Magnesium is crucial to the green colour of plant leaves, without which photosynthesis cannot take place. Shortages can be expected in sandy, acid soils. A deficiency causes discolouration and premature defoliation of the plants. The first deficiency symptoms occur in the older leaves.

Sulphur makes up a part of some amino acids that build up proteins. It promotes the formation of chlorophyll (leaf green) as well as root nodules on legumes.

Iron plays a role in oxidation reduction processes and in chlorophyll formation. It is found in enzymes and certain proteins. It is not very mobile in the plant. Deficiencies occur in alkaline soils. Copper is found in seeds and growing parts of plants, and plays a regulating role in certain plant processes, such as chlorophyll functions and the uptake of iron.

Zinc activates enzymes, regulates the pH of the cell solution, plays a role in chlorophyll, growth hormones and catalyses in certain plant reactions. Zinc deficiencies can be induced by high soil pH or high soil phosphorus levels. Deficiencies reduce the size, structure, and development of plant cells. Zinc is not very mobile in plants.

Manganese plays a role in photosynthesis and in oxidation reduction processes in the plant. It assists in the uptake of nitrates, and enzyme activity. Manganese is not very mobile in the plant.

Boron is essential in pollination and the formation of flowers and fruits. It also plays a role in the uptake of other elements, the synthesis of proteins, and in carbohydrate and water metabolism. Boron deficiency can be expected in leached sandy soils with extremely high or low pH values.

Molybdenum plays an important role in the process of photosynthesis as well as protein formation. Furthermore, it is vital to nodule development for the functioning of nitrogen, fixing bacteria in the roots of legumes. Deficiency symptoms may occur in leached and acid soils.

Chlorine is responsible for regulating the osmotic pressure in plants. A deficiency gives a wilting appearance and “bronzing” of leaves.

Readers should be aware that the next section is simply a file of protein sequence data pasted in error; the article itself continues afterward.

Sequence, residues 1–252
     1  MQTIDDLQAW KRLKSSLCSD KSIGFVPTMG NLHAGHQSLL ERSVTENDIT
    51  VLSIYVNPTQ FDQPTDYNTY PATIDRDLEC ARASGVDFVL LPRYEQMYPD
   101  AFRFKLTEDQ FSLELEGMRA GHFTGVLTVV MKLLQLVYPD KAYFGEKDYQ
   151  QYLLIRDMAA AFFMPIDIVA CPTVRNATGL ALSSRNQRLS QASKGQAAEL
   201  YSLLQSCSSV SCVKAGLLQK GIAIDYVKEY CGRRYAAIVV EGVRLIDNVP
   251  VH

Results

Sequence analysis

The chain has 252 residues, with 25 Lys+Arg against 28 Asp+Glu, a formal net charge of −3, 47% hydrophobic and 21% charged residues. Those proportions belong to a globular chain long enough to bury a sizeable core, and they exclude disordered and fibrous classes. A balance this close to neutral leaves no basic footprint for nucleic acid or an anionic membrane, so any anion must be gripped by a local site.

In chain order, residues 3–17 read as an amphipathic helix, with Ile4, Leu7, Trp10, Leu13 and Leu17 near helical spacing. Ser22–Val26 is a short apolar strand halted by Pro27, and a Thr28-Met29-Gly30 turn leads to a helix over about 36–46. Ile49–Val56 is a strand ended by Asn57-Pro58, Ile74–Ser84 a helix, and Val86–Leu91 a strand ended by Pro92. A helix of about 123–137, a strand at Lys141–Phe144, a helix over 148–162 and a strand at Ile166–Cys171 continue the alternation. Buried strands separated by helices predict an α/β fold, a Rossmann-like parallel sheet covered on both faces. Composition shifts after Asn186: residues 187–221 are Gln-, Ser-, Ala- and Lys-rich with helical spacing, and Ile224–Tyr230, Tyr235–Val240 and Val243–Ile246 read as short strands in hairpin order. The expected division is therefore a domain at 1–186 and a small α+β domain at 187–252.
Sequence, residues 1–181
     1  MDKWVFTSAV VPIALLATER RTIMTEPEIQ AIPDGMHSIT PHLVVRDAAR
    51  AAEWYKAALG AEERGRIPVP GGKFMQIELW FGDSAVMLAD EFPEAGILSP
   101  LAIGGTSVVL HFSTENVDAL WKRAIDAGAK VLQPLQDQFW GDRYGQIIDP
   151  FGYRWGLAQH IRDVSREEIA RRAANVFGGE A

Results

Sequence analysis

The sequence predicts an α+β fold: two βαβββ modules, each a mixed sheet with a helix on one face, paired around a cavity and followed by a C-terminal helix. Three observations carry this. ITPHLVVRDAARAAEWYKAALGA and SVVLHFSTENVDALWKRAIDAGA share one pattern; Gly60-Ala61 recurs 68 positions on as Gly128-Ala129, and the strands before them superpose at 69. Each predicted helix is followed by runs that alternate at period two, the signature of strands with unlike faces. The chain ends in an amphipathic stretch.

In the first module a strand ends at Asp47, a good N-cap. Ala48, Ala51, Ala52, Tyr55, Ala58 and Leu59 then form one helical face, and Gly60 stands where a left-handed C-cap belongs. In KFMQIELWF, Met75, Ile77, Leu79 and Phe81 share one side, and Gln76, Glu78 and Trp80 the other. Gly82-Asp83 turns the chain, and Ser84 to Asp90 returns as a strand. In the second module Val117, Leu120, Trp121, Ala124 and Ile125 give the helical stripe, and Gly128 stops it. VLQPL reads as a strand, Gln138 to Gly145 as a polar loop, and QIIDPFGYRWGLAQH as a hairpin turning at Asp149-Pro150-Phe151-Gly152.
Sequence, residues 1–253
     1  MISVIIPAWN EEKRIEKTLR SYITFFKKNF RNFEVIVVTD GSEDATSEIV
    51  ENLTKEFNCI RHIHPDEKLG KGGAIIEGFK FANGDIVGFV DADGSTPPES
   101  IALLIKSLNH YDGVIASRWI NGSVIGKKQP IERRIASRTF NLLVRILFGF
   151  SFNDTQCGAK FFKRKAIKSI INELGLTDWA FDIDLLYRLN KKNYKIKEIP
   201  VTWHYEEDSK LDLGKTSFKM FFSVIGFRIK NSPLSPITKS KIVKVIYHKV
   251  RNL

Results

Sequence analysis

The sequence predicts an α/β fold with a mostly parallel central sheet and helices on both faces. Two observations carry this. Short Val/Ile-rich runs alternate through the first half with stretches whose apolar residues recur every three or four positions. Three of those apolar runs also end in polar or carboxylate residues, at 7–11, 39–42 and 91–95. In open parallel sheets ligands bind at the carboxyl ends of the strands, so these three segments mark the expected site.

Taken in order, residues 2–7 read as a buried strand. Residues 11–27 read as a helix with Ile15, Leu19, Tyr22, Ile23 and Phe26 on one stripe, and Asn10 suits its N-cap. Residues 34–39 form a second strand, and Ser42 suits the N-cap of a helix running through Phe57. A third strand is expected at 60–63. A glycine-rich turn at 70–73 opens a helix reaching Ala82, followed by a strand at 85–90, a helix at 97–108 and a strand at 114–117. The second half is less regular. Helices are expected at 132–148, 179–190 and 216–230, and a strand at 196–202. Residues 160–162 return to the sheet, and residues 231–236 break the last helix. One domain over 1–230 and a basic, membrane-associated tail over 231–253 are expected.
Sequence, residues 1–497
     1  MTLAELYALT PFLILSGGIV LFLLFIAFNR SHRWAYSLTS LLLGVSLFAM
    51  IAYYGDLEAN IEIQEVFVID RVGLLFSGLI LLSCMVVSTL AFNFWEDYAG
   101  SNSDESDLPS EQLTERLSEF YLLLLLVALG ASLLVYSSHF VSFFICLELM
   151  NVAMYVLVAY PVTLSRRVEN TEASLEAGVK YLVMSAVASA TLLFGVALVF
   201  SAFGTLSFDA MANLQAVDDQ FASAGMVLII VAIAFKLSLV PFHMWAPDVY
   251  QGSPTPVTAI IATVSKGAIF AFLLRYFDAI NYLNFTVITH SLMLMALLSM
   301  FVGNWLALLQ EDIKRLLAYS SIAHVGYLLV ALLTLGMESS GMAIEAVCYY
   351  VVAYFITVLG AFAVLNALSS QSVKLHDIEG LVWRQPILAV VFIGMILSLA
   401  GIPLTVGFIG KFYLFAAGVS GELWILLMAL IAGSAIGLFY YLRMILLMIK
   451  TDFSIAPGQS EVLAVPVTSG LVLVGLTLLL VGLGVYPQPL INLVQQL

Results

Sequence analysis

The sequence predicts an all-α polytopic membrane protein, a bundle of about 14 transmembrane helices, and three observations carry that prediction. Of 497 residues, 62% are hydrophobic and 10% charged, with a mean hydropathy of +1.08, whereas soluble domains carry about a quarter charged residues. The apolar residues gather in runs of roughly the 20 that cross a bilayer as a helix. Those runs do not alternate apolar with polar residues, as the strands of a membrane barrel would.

Table 2: Optimum soil phosphorus, potassium, calcium, and magnesium values in ppm for a variety of crops.

Optimum soil values for a variety of crops

The soil content of any nutrient or element is expressed as parts per million (ppm), which means the same as milligram per kilogram (mg/kg). If the calcium content is, for example, 250 ppm, it means that 1 kilogram of soil contains 250 milligrams of calcium.


Namibian soils are very poor in plant-available phosphorus, with typical values of 1 to 5 ppm. It is almost invariably necessary to apply phosphorus when establishing a new crop. The phosphorus should be incorporated into the soil at the determined depth before planting the crops. Phosphorus is not very mobile in soil and subse­quent applications should also be ap­plied as close to the roots as possible. If there is too much calcium in the soil, one should use mono-ammonium phosphate or diammonium phosphate rather than superphosphate as a source of phosphate.

Calcium, magnesium, and potassium

Most Namibian soils have more than enough calcium, but may lack mag­nesium and potassium. These can be applied in the form of dolomitic lime or magnesium sulphate and potassium chloride, sulphate, or nitrate.

Apart from the absolute concentra­tions of soil nutrients, their relative proportions are also important. It may turn out that the soil has enough magnesium and potassium in absolute terms, but the calcium concentration is so high that it interferes with the plant’s assimilation of these nutrients.

The information in this article is credited to the Namibia Agricultural Union and Namibia National Farm­ers Union who published the Crop Production Manual in 2008.